Mentoring and Coaching
To contact Mentoring and Coaching
please telephone: 020 7245 0412 or
Many people find a mentor or
a coach helpful, but it is not always clear how to access one or
what is likely to be provided. The terms may be used in an
overlapping way to indicate an arrangement of support and
encouragement for personal development, usually with a professional
focus but with an awareness of ‘work/home (work is part of life!)
balance’. These activities, while usually comprising one-to-one
personal and confidential discussions, are not therapy or
treatment, but similarly depend for success on the participants’
willingness to engage.
Mentoring at any stage of a
psychiatrist’s career is encouraged by the Royal College of
Psychiatrists, especially for new consultants, as it can be very
helpful at times of transition to a new role. Informal mentoring is
frequent, but the value of more formal access to mentoring is now
Mentor and mentee
The mentor is usually more
experienced and qualified than the ‘mentee’. He or she is often a
senior person in the organisation, who can pass on knowledge and
experience and provide or recommend opportunities which the mentee
may not have considered so that they may develop skills and
competencies to progress along a successful career path. The mentor
may also provide contacts that the mentee would not normally
Mentors should ideally have
training and the opportunity for ongoing support and peer
supervision, but should be independent of managerial structures if
they are from within the same organisation as the mentee.
Generally, it is a voluntary role, but professional time should be
allowed for it.
Meetings are usually
one-to-one, and while at first it is helpful if there are regular
set times, later meetings may take place as and when the mentee
needs some advice, guidance or support. The agenda is set by the
mentee, with the mentor providing support, guidance and sometimes
challenge to help forward professional development.
The mentoring relationship
lasts for varying lengths of time, but for newly appointed
consultants a typical time period may be up to 2 years with
meetings at least monthly. There is some agreed structure to the
meetings, which may include an agenda and brief notes with possible
interim contact if needed. The mentoring relationship moves from an
‘initial phase’ to the ‘working phase’ and on to the ‘dissolving
phase’. Mentor and mentee may eventually establish a more equal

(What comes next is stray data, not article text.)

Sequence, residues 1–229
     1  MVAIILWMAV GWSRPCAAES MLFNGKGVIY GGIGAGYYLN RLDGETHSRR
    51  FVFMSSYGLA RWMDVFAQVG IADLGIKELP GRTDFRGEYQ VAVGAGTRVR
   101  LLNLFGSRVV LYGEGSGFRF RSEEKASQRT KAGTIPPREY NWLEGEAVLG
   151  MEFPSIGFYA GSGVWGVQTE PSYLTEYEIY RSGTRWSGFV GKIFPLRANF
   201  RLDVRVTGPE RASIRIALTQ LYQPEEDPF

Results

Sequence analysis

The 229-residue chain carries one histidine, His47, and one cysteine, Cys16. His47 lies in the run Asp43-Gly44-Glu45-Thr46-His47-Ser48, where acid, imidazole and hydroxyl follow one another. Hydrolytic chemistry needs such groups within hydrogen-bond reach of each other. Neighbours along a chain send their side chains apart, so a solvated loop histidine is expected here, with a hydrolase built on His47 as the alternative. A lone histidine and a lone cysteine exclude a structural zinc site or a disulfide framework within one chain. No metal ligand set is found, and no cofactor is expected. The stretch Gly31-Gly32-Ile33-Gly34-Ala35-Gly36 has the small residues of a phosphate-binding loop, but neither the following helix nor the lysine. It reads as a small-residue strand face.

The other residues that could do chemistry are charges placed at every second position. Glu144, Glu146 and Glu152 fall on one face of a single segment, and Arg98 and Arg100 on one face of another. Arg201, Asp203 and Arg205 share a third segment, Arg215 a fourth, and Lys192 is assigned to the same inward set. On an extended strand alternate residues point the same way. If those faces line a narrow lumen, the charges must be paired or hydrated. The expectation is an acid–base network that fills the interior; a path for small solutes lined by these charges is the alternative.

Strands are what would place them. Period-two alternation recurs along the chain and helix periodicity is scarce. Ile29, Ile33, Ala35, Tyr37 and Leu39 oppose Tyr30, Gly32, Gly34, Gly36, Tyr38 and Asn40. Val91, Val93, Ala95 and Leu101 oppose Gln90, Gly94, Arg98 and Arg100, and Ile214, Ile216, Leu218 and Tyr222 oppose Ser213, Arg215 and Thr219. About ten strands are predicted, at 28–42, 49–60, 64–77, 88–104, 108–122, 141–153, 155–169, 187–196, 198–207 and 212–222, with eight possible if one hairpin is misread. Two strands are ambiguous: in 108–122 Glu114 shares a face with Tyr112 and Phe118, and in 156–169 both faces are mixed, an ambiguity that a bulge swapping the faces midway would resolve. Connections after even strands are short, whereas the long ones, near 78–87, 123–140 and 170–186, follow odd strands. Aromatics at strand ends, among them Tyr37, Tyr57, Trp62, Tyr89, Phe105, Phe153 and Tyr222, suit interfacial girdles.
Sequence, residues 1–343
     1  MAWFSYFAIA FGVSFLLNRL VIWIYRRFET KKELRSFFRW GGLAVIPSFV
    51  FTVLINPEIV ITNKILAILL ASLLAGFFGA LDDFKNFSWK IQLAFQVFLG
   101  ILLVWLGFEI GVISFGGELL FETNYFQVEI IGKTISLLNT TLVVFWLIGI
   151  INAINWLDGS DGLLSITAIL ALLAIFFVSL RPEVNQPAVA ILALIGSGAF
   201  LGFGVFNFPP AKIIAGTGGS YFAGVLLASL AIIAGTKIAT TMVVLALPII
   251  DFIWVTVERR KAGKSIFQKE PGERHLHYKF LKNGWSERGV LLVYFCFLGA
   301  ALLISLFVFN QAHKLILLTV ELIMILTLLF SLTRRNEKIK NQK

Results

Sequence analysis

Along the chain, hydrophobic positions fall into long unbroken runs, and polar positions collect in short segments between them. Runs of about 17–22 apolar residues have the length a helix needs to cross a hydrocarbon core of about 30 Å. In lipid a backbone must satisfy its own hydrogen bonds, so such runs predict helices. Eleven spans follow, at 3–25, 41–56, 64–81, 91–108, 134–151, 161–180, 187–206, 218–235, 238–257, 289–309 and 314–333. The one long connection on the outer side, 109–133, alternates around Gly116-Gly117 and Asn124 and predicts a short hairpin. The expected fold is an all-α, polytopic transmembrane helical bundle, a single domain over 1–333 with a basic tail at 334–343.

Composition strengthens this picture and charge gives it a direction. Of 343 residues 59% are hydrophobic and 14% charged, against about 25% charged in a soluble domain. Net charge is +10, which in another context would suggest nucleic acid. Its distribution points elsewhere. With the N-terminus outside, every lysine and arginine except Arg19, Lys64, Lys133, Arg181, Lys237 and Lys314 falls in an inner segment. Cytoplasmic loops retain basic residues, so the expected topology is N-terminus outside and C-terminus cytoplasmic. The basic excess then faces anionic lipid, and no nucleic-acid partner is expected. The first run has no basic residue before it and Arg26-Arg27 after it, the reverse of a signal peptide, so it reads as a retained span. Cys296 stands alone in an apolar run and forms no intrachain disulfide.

Access to mentoring
- A personal approach from
a potential mentee to a recommended mentor, or known senior
colleague, often works well.
- Most mental health
trusts have in-house mentoring schemes for consultants, or know how
to access mentors. Contact a clinical or medical director and they
should be able to help.
- If you are a trainee,
contact your Deanery to find out about the mentoring schemes they
- Some College Divisions
are developing mentoring schemes, with lists of volunteer mentors.
This may be of particular usefulness if the potential mentee cannot
find a mentor within their own organisation or would prefer not to.
For those in the sub-specialties, approaching the faculty Honorary
Secretary is advised.
The Faculty of Medical Leadership and Management mentoring
Becoming a mentor:
The College is currently
providing free mentor training to mentors who would like to become
part of the College mentor scheme and become a mentor in their
division. Please contact us for more information.
Coaching is typically
provided on a professional and paid-for basis with a written,
signed contract specifying how the coaching relationship will
operate and providing boundaries.
Coaching is usually for a
contracted number of sessions over a period of time and can often
take the form of telephone discussions. Coaches should have a
relevant qualification in coaching, which will have provided
training in technique. They may or may not have special knowledge
of the professional area of the client, such as medicine or
The aim of coaching is to
support people through change, promote a balanced life, accelerate
personal development and enable people to realise their potential.
The agenda is focused on achieving specific, immediate goals.
Coaching is confidential and
uses a range of skills, including listening, questioning, relating
learning to the client’s experience and challenging to promote
personal development, balance and effectiveness. As well as
improving quality of life this can increase productivity and job
The client is encouraged to
expand their awareness and understanding of situations they face,
explore options and shift their behaviour in ways that produce
positive results. They identify areas of their life they want to
work on, increase their awareness of relevant factors, work to
develop options and make and carry through plans for action.
Access to coaching
Coaches can be found through
a number of different sources. It is advisable to ask others about
their own experiences and to look at the websites to see what might
suit your individual needs.
The Centre for
Advanced Learning and Conferences (CALC) currently
provides a course on executive coaching to enhance performance -
Please click here for further information.
Centre for Advanced Learning
and Conferences (CALC)
Royal College of Psychiatrists
21 Prescot Street
T: +44 (0)203 701 2618
F: 0203 701 2761
- CHAMBERS, R. (2005) Find yourself a mentor.
BMJ Careers, 330, 170.
- EGAN, G. (1998) The Skilled Helper (6th edn).
- HOUGHTON, A. (2005) Personal support 2: how
to make the most of a mentoring relationship. BMJ Careers, 330,